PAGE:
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Minky

Multiple Mosfet Question

Just want to double check my understanding on something.

You can use multiple n- channel Mosfets in a circuit as long as you don't have them in series (and so have one floating when the other turns on the power) and can have p-channel and N-channel in series, is that right?



Would there be any problems with the above?
Boff

The N-Channel FETs are fine as they are, I've spent part of this week dealing with much larger arrays of them so that's fine.

The P-Channel looks fine and I can't immediately see a problem but I'm sure SSGT will be along in a moment to point out some arcane issue I've missed. Very Happy
SSGT

Yeah, as long as the source pin of the FET is always connected to the... er... source (battery/source negative for n-channel and battery/source positive for p-channel) you shouldn't go too far wrong.

Circuits in parallel act, for the most part, independently of each other - things switching on/off in one parallel branch generally won't affect things switching on/off in the other.

Now for the arcane issue (although, to be fair, it shouldn't affect the circuit above). Razz

It's not just N-FETs in series with N-FETs, you should also avoid putting P-FETs in series with P-FETs for the same reason. There are some circumstances where it's acceptable, and others where it probably isn't but you can get away with it anyway, but as you've pointed out the source of one FET will effectively be floating when the other is switched off - FETs effectively work by comparing the voltage at the gate pin to the voltage at the source pin so if the source pin is floating, and therefore has an undetermined voltage, the FET itself will be in an undetermined state (i.e. it's unknown whether it's on/off/somewhere in between). This in of itself isn't necessarily a massive issue in a lot cases (if the second FET is off it will stop current flowing through the first) but what can be a problem is that, because the voltage at a floating pin is undetermined, it's possible for it to exceed VGS(max) (max gate-source voltage - around 20V for most FETs or only 16V for logic-level FETs) and damage the FET. You can put resistors in parallel with each individual FET to "bias" them, and effectively make sure none of the connections are floating (you can work out the voltage between each of the resistors since they form a potential divider), but if you don't run sets of N or P FETs in series you shouldn't have to worry about that. You don't generally need to do this for a P-FET and an N-FET in series (even though the two drain pins will effectively be floating) since VDS(max) (max drain-source voltage) is normally in the region of 100V (at least for TO220 Power FETs) - if you do exceed this voltage most FETs, as long as they are "avalanche rated" and the current/energy dissipated doesn't exceed said avalanche ratings, will dissipate the additional voltage through it's intrinsic "body diode" (a by-product of how the FET is manufactured that is, effectively, a built-in zener diode) rather than being damaged.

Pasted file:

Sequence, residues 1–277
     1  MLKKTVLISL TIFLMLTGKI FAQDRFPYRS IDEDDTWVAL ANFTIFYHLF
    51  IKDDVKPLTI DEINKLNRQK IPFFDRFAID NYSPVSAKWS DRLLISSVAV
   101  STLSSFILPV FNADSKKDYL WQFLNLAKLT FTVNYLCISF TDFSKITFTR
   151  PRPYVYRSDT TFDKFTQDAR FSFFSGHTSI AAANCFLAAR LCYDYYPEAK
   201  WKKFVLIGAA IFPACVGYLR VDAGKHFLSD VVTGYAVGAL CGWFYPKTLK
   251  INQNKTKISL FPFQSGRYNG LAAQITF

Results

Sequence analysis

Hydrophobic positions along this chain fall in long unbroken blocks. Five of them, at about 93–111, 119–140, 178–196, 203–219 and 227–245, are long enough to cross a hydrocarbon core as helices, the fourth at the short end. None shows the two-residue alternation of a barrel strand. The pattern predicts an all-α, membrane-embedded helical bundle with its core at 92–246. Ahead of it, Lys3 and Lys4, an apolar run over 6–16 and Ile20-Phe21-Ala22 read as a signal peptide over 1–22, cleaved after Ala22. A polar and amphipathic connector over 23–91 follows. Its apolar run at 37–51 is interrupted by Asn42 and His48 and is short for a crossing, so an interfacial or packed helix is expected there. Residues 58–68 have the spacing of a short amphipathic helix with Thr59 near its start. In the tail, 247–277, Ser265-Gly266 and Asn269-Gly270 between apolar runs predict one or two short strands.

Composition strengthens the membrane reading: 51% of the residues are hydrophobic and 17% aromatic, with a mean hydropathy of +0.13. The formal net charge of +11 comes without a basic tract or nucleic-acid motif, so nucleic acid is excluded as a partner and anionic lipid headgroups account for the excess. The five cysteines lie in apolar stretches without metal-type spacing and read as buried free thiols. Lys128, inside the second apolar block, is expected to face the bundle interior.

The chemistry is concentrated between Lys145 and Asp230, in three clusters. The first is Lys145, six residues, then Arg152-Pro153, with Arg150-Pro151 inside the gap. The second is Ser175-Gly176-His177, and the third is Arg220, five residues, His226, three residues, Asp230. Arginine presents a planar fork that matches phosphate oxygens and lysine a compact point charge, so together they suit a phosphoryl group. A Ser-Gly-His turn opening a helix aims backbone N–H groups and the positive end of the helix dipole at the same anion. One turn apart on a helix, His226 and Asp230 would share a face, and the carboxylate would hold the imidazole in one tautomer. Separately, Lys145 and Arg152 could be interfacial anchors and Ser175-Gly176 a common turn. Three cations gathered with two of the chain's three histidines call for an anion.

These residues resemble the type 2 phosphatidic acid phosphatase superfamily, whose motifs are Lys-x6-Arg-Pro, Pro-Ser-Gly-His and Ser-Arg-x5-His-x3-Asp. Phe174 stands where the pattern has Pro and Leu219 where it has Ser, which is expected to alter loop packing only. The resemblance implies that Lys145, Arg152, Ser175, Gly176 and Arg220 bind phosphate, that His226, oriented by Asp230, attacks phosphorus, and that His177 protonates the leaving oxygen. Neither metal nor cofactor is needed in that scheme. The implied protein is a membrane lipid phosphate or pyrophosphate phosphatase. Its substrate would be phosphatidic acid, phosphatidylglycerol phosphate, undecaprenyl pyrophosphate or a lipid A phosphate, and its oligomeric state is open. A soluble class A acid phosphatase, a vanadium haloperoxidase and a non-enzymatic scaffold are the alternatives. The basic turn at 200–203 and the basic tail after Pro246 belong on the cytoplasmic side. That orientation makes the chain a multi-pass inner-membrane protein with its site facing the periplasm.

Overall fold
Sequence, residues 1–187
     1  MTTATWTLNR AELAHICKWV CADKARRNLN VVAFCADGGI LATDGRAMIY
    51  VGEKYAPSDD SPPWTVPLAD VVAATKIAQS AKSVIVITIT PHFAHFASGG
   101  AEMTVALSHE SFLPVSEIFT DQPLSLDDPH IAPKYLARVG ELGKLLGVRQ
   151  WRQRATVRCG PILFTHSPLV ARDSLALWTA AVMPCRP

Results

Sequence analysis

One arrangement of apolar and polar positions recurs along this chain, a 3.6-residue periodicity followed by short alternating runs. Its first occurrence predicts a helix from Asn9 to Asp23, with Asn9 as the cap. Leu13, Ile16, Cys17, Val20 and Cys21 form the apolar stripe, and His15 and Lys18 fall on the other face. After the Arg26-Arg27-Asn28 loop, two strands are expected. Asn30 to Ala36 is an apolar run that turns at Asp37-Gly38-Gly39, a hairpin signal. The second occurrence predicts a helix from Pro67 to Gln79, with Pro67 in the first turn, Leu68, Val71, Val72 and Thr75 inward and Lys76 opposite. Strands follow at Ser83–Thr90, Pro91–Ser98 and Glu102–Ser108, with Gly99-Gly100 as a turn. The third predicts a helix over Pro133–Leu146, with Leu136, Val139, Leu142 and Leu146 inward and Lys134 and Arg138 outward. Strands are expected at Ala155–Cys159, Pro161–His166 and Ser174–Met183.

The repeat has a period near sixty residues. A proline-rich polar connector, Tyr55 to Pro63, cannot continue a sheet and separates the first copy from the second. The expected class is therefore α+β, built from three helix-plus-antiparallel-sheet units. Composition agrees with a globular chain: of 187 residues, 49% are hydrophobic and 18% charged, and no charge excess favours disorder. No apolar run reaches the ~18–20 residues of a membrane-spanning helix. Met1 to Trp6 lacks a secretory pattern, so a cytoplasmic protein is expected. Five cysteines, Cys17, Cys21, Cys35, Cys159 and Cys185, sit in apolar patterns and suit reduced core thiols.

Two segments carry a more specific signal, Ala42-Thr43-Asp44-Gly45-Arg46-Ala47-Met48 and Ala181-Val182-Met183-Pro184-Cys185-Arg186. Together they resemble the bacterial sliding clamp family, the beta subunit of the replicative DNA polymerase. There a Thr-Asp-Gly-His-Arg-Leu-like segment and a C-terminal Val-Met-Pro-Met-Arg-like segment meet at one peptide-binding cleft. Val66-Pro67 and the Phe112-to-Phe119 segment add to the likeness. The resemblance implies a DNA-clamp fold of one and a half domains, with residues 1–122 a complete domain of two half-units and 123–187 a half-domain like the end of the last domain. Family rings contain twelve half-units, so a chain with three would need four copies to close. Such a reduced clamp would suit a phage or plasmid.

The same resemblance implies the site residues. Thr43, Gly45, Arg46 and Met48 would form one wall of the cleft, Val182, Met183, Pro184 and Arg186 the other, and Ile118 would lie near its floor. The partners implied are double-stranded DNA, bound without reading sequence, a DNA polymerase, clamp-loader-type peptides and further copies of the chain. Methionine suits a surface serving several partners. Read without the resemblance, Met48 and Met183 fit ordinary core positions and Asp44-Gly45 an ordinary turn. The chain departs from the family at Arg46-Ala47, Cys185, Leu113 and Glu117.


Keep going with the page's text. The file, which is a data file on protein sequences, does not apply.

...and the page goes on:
Minky

Thanks both!

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